This is probably the range that you may expect for 3D printing, but I have a couple of type K thermocouples measuring temperatures in my exhaust manifold and turbocharger, where I see temperatures in excess of 750 deg C (I get a bit worried when the turbocharger gets close to 800 deg C.) so the thermocouple itself is good to something over 1200 deg C. What may not be able to handle it would be the wire insulation.

    Additional note, what thermocouples measure is a temperature gradient. To be truely accurate, the sensing end should be immersed in an ice bath, but since that's not generally possible, most thermocouple readers have a mechanism to check the temperature at the sensing end, which it uses as part of the amplifier circuit to give an adjusted reading.

    For my response, I'm using regular thermistors in my printer for the time being. I'd like to upgrade to PT1000 sensors, but as stated, they're difficult to find. For the time being, the thermistor is accurate enough for the temperatures that I'm using, I generally subtract 5 degrees from the manufacturer recommended temperature for filament that I buy, and that seems to be about right.



  • I have found a place where I can order PT1000 Class A in 3mm x 15mm cases, MOQ 10pcs, $4.5 for each. But I don't need so many... )



  • I used to use 4 wire PT100s but the ones I bought had very fine leads which kept breaking so I changed to simple thermistors. I always do a temperature test print for any new filaments and use whatever temperature is best on my machine. So if my test indicates that the best temperature is (say) 205 deg C, that's what I use for that filament. I don't really care what the true temperature as measured by a more accurate would be.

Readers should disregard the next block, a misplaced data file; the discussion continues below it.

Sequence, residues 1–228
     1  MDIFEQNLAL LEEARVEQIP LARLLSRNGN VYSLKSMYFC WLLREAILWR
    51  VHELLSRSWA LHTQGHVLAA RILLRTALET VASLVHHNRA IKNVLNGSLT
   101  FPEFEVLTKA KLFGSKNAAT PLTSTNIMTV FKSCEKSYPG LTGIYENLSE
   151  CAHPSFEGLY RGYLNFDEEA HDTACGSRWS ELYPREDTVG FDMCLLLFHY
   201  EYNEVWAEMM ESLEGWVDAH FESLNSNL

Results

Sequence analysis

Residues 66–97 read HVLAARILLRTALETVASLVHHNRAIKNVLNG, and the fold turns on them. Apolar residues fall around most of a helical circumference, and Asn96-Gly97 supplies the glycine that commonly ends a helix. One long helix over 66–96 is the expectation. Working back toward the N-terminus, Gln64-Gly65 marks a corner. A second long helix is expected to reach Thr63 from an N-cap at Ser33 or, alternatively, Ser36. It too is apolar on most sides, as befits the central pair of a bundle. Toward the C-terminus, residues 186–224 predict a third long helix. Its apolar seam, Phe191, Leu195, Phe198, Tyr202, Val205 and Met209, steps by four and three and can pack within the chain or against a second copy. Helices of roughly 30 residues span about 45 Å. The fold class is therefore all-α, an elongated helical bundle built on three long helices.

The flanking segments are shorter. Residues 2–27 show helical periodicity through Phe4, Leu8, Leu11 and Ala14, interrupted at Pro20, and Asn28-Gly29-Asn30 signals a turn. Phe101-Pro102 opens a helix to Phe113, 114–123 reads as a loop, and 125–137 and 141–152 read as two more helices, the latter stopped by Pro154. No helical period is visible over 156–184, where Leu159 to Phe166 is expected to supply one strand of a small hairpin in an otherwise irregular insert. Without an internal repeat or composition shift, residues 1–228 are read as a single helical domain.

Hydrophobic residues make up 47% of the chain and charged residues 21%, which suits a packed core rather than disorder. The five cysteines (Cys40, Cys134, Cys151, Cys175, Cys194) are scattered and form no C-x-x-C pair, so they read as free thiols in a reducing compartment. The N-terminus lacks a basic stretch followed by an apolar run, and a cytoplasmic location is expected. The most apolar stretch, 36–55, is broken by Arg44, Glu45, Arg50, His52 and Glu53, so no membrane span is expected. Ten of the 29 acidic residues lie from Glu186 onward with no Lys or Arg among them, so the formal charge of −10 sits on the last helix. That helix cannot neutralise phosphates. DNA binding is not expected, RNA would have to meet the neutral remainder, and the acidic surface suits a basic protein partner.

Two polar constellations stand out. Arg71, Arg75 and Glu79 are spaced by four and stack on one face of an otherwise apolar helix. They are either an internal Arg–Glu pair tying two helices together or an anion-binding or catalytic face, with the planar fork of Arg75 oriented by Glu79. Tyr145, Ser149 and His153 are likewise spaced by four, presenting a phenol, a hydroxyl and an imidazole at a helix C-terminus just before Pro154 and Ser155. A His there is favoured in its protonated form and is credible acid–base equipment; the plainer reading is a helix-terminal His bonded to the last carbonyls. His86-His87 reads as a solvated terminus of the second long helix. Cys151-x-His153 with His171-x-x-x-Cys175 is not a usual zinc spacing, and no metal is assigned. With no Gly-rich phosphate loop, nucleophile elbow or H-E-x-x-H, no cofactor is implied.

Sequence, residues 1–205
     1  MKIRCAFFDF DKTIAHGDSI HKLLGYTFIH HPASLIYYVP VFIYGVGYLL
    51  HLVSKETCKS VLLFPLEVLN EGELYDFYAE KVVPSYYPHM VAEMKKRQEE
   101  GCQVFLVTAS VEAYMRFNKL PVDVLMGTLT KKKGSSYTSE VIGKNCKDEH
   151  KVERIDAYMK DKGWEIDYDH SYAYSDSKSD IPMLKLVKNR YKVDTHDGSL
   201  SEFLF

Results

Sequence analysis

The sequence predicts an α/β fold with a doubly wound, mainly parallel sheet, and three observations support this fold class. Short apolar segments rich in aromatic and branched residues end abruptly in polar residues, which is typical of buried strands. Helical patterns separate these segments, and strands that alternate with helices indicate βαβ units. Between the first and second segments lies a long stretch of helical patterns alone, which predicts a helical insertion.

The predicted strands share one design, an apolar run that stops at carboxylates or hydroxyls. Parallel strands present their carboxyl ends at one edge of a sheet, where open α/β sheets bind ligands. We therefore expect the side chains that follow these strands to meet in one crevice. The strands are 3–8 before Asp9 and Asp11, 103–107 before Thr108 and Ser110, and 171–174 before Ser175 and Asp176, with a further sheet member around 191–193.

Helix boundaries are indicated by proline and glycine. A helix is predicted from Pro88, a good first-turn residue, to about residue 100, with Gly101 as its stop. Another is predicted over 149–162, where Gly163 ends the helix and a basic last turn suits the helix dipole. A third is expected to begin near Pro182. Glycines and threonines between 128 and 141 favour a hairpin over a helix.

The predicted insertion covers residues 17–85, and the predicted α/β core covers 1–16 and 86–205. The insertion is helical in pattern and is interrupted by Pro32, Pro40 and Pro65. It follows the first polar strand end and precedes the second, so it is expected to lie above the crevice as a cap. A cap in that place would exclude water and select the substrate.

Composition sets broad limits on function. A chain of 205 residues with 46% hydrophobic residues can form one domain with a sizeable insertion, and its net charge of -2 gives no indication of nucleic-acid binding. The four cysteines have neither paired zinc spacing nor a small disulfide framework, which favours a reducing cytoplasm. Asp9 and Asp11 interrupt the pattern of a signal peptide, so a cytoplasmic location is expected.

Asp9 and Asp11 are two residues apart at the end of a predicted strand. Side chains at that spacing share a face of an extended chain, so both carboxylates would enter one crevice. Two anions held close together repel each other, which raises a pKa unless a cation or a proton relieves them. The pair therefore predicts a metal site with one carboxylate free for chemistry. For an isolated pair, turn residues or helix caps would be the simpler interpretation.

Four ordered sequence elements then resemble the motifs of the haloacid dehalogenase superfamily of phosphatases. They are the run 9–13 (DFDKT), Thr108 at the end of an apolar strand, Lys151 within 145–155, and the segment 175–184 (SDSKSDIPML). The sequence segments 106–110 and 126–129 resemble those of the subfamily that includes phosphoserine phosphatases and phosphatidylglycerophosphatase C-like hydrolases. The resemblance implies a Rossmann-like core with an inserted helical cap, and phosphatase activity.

• @deckingman And this said temperature is stable until thermistor will die, right?



  • 4 wire PT100



  • @phaedrux Class and size please?





  • @briskspirit said in Mini poll: what temperature sensor are you using?:

    @deckingman And this said temperature is stable until thermistor will die, right?

    Seems to be. I've been using the same thermistors for about 18 months and don't have any wildly different temperature results from my test prints. For me, most reels of PLA print best at 195 degC on my machine. That's the values that my test prints showed to be best 18 months ago and I'm still getting the same values now.

    I have no idea when the thermistor is likely to die, but then I have no idea when a PT100 or thermocouple would die either. At least when it does die, it'll be cheap to replace.



  • @deckingman Hm, good point



  • ive just used the standard semitiec thermistor with the e3d for the last 2 years with no problem. Although i just bought a PT1000 from DJdemons site (https://www.precisionpiezo.co.uk/product-page/pt1000-sensor) that fits the standard E3d cartridge so im keen to print some higher temp filaments